Autumn Statement 2022: taxes in brief

Today, 17th of November, the Chancellor of the Exchequer, the Rt Hon Jeremy Hunt MP, made his Autumn Statement 2022 speech.

He has revealed tax rises and spending cuts worth billions of pounds aimed at mending the nation’s finances.

Taxation and wages

  • Legally-enforceable minimum wage for people aged over 23 to increase from £9.50 to £10.42 an hour from next April
  • State pension payments and means-tested and disability benefits to increase by 10.1%, in line with inflation
  • Apart from in Scotland, top 45% additional rate of income tax will be paid on earnings over £125,140, instead of £150,000
  • Income tax personal allowance and higher rate thresholds frozen for further two years, until April 2028
  • Main National Insurance and inheritance tax thresholds also frozen for further two years, until April 2028
  • Tax-free allowances for dividend and capital gains tax also due to be cut next year and in 2024
  • Local councils in England will be able to hike council tax up to 5% a year without a local vote, instead of 3% currently

Energy

  • Household energy price cap extended for one year beyond April but made less generous, with typical bills capped at £3,000 a year instead of £2,500
  • Households on means-tested benefits will get £900 support payments next year
  • £300 payments to pensioner households, and £150 for individuals on disability benefit
  • Windfall tax on profits of oil and gas firms increased from 25% to 35% and extended until March 2028
  • New 45% tax on companies that generate electricity, to apply from January

Economy and public finances

  • The Office for Budget Responsibility judges UK to be in recession, meaning the economy has slowed for two quarters in a row
  • It predicts growth for this year overall of 4.2%, but size of the economy will shrink by 1.4% in 2023
  • Growth of 1.3%, 2.6%, and 2.7% predicted for 2024, 2025 and 2026
  • UK’s inflation rate predicted to be 9.1% this year and 7.4% next year
  • Unemployment expected to rise from 3.6% to 4.9% in 2024
  • Government will give itself five years to hit debt and spending targets, instead of three years currently

Government spending

  • Scheduled public spending will be maintained until 2025, but then grow more slowly than previously expected
  • In England, NHS budget will increase by £3.3bn a year for the next two years, and spending on schools by £2.3bn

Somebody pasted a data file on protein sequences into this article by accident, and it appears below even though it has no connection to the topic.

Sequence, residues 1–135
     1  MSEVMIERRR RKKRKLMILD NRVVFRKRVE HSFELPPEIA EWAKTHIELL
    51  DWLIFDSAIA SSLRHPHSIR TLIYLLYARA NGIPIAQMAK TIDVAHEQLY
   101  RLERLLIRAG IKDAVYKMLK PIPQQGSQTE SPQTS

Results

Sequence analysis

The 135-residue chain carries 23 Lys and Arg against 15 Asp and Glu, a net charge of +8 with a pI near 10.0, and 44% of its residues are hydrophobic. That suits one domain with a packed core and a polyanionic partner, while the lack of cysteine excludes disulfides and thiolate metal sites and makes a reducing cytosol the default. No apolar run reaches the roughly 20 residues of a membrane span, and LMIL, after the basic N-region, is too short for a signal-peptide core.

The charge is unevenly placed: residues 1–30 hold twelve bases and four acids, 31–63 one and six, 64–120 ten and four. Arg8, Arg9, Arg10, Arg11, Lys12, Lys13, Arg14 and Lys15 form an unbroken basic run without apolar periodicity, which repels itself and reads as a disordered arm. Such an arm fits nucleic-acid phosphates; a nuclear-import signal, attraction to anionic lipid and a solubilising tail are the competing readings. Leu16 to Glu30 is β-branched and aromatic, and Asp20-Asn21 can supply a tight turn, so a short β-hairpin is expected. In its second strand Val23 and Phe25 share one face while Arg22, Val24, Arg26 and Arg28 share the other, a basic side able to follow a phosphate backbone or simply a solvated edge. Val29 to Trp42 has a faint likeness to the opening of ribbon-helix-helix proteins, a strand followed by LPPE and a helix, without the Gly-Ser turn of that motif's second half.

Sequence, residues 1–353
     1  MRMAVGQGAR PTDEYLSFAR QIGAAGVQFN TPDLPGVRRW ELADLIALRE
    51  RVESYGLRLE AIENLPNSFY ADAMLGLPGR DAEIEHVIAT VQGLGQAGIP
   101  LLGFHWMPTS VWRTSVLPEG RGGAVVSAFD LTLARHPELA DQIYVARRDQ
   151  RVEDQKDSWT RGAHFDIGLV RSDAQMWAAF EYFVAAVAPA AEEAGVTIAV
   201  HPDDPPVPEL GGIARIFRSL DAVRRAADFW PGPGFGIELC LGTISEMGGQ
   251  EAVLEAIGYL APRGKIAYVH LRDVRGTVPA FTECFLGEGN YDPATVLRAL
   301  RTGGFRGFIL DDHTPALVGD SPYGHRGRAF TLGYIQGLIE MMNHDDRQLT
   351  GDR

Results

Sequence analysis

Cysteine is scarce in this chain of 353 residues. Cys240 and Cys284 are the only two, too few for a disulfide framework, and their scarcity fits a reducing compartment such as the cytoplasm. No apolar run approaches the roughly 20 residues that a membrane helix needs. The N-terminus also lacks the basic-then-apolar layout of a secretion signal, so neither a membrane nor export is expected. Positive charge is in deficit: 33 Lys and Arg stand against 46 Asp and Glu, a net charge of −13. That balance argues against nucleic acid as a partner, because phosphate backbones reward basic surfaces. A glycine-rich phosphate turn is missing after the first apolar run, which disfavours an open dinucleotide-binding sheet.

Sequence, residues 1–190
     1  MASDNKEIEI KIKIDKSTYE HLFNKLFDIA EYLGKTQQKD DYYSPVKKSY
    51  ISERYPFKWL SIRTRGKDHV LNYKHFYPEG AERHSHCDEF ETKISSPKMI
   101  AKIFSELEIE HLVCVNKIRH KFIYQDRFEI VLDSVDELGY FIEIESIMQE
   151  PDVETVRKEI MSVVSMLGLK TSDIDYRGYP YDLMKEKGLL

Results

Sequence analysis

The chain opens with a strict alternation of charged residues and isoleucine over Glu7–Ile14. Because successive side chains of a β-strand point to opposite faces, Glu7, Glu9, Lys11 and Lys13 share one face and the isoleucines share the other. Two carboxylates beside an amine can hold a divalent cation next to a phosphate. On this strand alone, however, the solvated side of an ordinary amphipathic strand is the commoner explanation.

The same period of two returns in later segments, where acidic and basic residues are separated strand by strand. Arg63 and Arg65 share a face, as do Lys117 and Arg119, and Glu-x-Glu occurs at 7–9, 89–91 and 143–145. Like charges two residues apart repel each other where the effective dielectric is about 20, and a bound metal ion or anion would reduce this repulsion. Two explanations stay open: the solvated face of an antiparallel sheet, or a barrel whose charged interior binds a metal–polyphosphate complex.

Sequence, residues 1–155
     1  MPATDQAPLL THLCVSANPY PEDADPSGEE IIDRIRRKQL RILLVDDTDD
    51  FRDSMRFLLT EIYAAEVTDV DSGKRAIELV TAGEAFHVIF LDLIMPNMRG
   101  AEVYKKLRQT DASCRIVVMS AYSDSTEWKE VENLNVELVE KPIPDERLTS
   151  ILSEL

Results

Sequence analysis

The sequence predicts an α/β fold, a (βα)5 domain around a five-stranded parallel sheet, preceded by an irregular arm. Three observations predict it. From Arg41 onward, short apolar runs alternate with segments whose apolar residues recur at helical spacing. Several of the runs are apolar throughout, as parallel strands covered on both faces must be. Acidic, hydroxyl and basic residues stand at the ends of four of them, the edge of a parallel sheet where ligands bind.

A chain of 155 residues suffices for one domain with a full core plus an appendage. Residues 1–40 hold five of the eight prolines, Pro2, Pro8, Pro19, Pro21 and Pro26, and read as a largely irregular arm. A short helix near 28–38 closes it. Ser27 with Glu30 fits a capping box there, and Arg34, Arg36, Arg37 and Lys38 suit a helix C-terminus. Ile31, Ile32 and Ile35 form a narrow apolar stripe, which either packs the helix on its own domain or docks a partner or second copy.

• It will mean larger payments to devolved governments in Scotland, Wales and Northern Ireland
  • Defence spending to be maintained at 2% of national income – a Nato target
  • Overseas aid spending kept at 0.5% for the next five years, below the official 0.7% target

Business and infrastructure

  • Support worth £13.6bn over next five years to help firms with business rates, including a mixture of freezes and reliefs
  • Import taxes removed on more than 100 goods, including some food products, for two years to reduce costs
  • Plans for a possible online sales tax scrapped – the government argues online retailers’ warehouses will be hit harder than shops through business rate changes
  • Chief Scientific Adviser Sir Patrick Vallance to lead review into how post-Brexit regulation can support emerging technologies

Changes to the taxation of electric vehicles

It has been anticipated for some time that the government would have to transition from the current favourable taxation of electric vehicles to prevent a significant funding gap. This is starting with the introduction of vehicle excise duty on electric cars and further increases in the benefit-in-kind rates for employer-provided cars, although these will still favour electric cars.

From 1 April 2025, electric vehicles will no longer be exempt from vehicle excise duty (VED). VED will be introduced for electric cars, vans and motorcycles. Zero-emission vehicles registered on or after 1 April 2025 will pay the lowest rate of VED, currently £10, in the first year. This will increase to the standard rate, currently £165, from the second year of registration onwards. Zero-emission vehicles registered before 1 April 2025 will pay the standard rate from 1 April 2025. The expensive car supplement, levied on vehicles with a list price of over £40,000, will also apply to electric cars registered on or after 1 April 2025.

Stamp duty land tax

With effect from 31 March 2025, the cuts to stamp duty land tax in England and Northern Ireland announced at the 23 September mini-budget will be reversed. 

Although the announcement has been made more than two years ahead of the change, this is likely to cause stress for those buying closer to the 31 March 2025 deadline as they race to get their purchase completed in time to benefit from the current £2,500 saving.

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